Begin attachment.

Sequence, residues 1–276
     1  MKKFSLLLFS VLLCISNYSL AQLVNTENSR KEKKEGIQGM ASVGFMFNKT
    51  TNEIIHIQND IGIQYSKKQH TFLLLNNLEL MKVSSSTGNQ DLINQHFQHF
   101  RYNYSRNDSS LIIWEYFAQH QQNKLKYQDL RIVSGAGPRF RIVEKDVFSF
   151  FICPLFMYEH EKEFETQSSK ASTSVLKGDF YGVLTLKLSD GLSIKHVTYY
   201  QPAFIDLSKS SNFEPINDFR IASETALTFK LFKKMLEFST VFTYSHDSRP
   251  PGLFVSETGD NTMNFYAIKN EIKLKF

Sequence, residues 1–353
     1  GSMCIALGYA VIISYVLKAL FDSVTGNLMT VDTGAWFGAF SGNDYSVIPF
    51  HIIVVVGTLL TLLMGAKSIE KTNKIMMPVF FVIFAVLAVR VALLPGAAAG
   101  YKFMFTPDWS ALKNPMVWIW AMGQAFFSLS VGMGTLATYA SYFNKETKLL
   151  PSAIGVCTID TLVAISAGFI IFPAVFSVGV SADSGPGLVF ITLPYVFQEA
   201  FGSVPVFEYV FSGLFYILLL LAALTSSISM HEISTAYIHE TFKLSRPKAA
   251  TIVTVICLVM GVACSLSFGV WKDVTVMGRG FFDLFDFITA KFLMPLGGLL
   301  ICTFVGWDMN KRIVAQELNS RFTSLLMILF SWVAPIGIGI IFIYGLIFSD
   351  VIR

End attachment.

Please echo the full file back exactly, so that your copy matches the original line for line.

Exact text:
Sequence, residues 1–276
     1  MKKFSLLLFS VLLCISNYSL AQLVNTENSR KEKKEGIQGM ASVGFMFNKT
    51  TNEIIHIQND IGIQYSKKQH TFLLLNNLEL MKVSSSTGNQ DLINQHFQHF
   101  RYNYSRNDSS LIIWEYFAQH QQNKLKYQDL RIVSGAGPRF RIVEKDVFSF
   151  FICPLFMYEH EKEFETQSSK ASTSVLKGDF YGVLTLKLSD GLSIKHVTYY
   201  QPAFIDLSKS SNFEPINDFR IASETALTFK LFKKMLEFST VFTYSHDSRP
   251  PGLFVSETGD NTMNFYAIKN EIKLKF

Sequence, residues 1–353
     1  GSMCIALGYA VIISYVLKAL FDSVTGNLMT VDTGAWFGAF SGNDYSVIPF
    51  HIIVVVGTLL TLLMGAKSIE KTNKIMMPVF FVIFAVLAVR VALLPGAAAG
   101  YKFMFTPDWS ALKNPMVWIW AMGQAFFSLS VGMGTLATYA SYFNKETKLL
   151  PSAIGVCTID TLVAISAGFI IFPAVFSVGV SADSGPGLVF ITLPYVFQEA
   201  FGSVPVFEYV FSGLFYILLL LAALTSSISM HEISTAYIHE TFKLSRPKAA
   251  TIVTVICLVM GVACSLSFGV WKDVTVMGRG FFDLFDFITA KFLMPLGGLL
   301  ICTFVGWDMN KRIVAQELNS RFTSLLMILF SWVAPIGIGI IFIYGLIFSD
   351  VIR